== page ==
The Carolinas hold special meaning for Eadie, who first worked in the area in 1976 as Bolo Mongol, half of The Mongols tag team along with Geto Mongol (Newton Tattrie). Before the year was out, Eadie would make yet another major transformation, this time under a hood as The Superstar.

The switch was so seamless that Eadie, as Bolo Mongol, wrestled Wahoo McDaniel in a hair match on a Sunday evening in Greensboro, N.C., and the following night in Greenville debuted as The Masked Superstar. With the help of booker George Scott and manager Boris Malenko (Larry Simon), the 300-pound masked man was propelled to immediate main-event status.

For the next decade Eadie was a major attraction from Charlotte to Tokyo, with a feared finishing hold known as the cobra and a gimmick of coughing up several grand if anyone could make him submit. He claims to have been the first wrestler to body-slam Andre The Giant, years before Hulk Hogan’s feat at the third Wrestlemania in 1987. The two were close friends outside the ring, and Andre became godfather to Eadie’s youngest daughter.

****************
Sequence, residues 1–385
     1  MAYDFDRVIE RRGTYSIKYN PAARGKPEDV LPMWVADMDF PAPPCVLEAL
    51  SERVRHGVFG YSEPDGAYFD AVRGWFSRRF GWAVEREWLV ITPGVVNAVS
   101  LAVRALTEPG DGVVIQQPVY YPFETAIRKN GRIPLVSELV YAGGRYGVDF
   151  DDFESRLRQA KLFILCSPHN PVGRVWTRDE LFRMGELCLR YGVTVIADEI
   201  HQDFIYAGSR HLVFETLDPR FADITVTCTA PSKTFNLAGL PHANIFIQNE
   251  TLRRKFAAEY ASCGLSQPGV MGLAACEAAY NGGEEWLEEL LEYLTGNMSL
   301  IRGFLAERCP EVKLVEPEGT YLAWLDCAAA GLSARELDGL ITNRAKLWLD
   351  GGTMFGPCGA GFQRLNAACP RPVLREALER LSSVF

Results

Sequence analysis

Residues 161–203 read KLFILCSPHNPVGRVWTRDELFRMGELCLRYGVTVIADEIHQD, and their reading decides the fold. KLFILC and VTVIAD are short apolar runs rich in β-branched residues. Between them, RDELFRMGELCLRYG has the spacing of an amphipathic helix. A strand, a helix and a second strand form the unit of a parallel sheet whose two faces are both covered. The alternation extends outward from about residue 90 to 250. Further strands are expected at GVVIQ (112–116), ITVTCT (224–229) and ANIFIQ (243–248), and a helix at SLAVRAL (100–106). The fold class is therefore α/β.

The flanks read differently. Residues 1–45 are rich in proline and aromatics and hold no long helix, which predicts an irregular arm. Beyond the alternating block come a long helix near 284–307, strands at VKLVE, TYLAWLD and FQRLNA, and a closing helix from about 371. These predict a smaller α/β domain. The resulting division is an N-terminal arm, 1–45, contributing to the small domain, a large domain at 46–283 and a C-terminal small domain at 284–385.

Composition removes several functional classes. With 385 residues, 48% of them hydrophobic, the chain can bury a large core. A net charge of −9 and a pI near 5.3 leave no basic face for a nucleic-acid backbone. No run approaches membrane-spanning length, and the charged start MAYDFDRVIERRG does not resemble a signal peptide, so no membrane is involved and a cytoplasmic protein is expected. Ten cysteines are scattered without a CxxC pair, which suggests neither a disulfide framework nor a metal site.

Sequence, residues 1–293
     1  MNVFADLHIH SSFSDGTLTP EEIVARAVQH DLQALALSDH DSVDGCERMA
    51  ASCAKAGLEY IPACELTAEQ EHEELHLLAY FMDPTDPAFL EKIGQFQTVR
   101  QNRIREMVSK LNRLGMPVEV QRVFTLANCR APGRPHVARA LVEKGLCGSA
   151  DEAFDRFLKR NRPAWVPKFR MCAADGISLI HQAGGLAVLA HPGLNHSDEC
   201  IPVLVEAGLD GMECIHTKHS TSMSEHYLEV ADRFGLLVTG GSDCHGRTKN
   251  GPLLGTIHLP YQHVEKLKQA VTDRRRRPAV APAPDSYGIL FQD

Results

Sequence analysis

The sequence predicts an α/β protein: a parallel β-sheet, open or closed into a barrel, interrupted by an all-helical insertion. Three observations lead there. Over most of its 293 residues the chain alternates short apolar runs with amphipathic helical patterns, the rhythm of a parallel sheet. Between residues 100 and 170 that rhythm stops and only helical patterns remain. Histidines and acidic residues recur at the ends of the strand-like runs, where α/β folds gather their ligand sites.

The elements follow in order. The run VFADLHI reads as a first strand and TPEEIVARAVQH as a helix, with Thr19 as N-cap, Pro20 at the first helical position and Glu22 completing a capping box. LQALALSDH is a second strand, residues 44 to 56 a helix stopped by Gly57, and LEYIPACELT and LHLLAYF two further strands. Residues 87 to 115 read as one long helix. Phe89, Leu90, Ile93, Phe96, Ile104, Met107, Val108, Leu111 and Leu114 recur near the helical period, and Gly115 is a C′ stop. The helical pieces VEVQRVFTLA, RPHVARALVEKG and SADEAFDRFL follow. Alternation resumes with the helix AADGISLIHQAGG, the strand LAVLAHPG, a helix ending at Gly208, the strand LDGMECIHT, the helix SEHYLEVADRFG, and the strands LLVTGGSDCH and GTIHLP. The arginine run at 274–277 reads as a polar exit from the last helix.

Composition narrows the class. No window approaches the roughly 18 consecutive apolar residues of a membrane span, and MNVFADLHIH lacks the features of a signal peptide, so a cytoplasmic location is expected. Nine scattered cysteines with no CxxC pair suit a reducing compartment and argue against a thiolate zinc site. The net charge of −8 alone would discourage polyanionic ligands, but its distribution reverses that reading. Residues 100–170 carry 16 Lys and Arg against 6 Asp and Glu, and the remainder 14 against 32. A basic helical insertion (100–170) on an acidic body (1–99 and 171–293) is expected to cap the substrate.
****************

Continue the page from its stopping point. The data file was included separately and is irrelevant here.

Eadie resurfaced as Ax, half of the tag team Demolition along with partner Smash, in the WWF in 1987. His final WWF appearance was at the 1990 Survivor Series.

Few tag teams in the history of wrestling, however, rival The Road Warriors – later known as The Legion of Doom – in terms of drawing power and overall impact. As The Roadies or LOD, their gimmick was the same, that of two imposing wrestlers with massive physiques sporting Mohawks, biker boots, spiked shoulder pads and face paint.